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"Copper vs. brass flash on steel wire clips, before nickel plating?"

March 1, 2010

We purchase a small steel wire clip, which we have used for 30+ years in production of hand tools. The part is bent slightly, to take up manufacturing tolerances, at final assembly of our products.

Recently, we've had a problem with the nickel plating flaking off, when bent. Investigation has shown that the supplier's plating subcontractor used a brass flash, prior to the nickel plating. The parts were stripped, reflashed with copper, then replated. The parts no longer flake.

I've always thought a copper flash was the standard. Our supplier is saying that the plater did nothing wrong, that either copper or brass were acceptable, unless we specify.

Your thoughts?

Hyok Lee
Engineering Manager - Corona, California

March 2, 2010

Hi, Hyok. Not only would either be acceptable, but plating the nickel directly on the steel would be acceptable as well. I think what is needed here is a specification for a "bend test" or "mandrel test" whereby the plating shop certifies that the part can be wrapped around a mandrel of so-and-so diameter without flaking.

Many plating shops are knowledgeable and can help you write a specification, but ultimately it's your job to specify what you need.


Ted Mooney, finishing.com
Ted Mooney, P.E.
Striving to live Aloha
finishing.com - Pine Beach, New Jersey

March 3, 2010

Thanks for the reply. Are you saying that nickel plating over brass flash, copper flash, and bare steel would all have equal adhesion, or are you saying that because we did not specify how the nickel plating should be applied, the plater is free to choose?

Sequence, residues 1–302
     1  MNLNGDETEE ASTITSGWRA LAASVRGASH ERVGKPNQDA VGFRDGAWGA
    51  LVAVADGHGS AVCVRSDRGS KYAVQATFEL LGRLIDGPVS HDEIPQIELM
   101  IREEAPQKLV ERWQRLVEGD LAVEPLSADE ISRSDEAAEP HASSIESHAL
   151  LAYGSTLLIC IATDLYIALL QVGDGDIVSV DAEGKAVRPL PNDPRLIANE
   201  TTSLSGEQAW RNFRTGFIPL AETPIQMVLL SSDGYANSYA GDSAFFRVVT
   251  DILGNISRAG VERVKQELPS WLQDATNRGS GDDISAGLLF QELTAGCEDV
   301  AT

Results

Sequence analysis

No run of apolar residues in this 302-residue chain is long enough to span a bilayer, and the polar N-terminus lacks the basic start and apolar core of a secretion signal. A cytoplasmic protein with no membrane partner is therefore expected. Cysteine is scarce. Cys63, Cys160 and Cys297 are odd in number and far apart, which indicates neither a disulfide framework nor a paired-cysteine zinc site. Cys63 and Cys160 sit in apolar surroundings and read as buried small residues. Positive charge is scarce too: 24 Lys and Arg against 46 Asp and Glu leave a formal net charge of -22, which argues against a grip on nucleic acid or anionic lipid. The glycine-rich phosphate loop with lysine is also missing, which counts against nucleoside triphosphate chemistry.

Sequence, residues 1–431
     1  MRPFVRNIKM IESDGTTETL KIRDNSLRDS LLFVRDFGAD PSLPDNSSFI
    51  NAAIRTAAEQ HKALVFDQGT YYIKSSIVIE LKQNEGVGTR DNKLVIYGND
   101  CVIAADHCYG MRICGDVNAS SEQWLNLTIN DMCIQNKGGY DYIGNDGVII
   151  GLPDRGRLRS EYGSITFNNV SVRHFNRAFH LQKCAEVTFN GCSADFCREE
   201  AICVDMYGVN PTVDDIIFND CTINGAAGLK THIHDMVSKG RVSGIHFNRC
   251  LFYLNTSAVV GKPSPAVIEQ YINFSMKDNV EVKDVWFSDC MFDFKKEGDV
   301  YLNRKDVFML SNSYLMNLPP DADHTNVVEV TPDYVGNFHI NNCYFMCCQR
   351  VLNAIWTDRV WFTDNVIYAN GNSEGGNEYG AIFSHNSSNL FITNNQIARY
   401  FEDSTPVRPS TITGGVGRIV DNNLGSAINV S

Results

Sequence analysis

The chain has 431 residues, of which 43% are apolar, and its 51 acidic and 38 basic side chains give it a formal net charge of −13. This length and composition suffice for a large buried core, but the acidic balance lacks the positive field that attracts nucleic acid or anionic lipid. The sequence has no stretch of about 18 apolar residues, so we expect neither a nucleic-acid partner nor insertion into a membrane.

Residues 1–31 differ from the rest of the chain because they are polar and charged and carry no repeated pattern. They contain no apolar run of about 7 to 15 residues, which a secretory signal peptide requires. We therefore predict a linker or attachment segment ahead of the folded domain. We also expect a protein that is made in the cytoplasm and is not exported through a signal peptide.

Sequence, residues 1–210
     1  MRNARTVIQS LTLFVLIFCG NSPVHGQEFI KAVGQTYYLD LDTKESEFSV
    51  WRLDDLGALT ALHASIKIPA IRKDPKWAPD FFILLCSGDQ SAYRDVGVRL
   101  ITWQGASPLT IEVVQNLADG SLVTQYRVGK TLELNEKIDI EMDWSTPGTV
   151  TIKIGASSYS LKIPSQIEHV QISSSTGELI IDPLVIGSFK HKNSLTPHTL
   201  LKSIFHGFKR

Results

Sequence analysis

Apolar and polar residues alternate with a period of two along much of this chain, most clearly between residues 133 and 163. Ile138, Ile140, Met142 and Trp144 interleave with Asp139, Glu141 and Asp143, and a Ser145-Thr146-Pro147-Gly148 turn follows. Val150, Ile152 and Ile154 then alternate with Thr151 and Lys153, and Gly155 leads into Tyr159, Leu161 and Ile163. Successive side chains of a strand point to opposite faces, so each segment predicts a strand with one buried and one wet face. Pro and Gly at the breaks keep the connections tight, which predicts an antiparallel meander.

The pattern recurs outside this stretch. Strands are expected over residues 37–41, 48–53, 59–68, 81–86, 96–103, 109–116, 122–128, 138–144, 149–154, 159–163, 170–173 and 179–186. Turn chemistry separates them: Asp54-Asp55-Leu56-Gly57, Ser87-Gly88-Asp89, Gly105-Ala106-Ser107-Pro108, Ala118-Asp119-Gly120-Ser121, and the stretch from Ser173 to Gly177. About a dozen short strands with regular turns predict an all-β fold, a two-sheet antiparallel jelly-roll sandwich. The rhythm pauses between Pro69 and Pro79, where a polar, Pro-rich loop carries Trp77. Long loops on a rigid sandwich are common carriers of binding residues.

Hyok Lee
Garden Tools - Corona, California, USA

March 3, 2010

Hi, Hyok. If you don't specify what you want, they are forced to choose what to give you :-)

So they give you what bests suits their interpretation of the situation. If I was supplying the need, I'd probably do only nickel on the presumption that copper or brass could cause you some sort of problem under some circumstance, and wasn't specified. As for adhesion, again, the parts should be bent around a mandrel to demonstrate adhesion but it's hard to say that an undefined process that includes copper plating would inherently offer more or less adhesion than a brass plating or direct nickel plating process. The problem appears to be that the nickel flakes off, not that there is brass on the part rather than the copper you expected. And that probably has more to do with the nickel being different than the switch from copper to brass. Good luck.


Ted Mooney, finishing.com
Ted Mooney, P.E.
Striving to live Aloha
finishing.com - Pine Beach, New Jersey

March 6, 2010

Hyok, It is important that you know and understand the criteria to which you work. It is possible to plate nickel directly on to steel, as it is also possible to plate nickel onto either brass or copper interfaces. My personal choice would be the use copper as an interface, because it is easier to control than brass plating; copper plating will also allow you to smooth out any imperfections in the steel surface. I would use a cyanide copper.
You will also need to specify the ductility of the nickel you are putting down, because if you have a low ductility, the nickel will break away from any substrate and cause failure. Ductility can also be related to hardness, so you need to consider your preferred hardness and the type of solution you are using for your nickel, as this too can affect the hardness and ductility. Just to add a bit more confusion - you will need to consider what stress in the nickel that you can tolerate; this too will be affected by your solution chemistry

trevor crichton
Trevor Crichton
R&D practical scientist
Chesham, Bucks, UK

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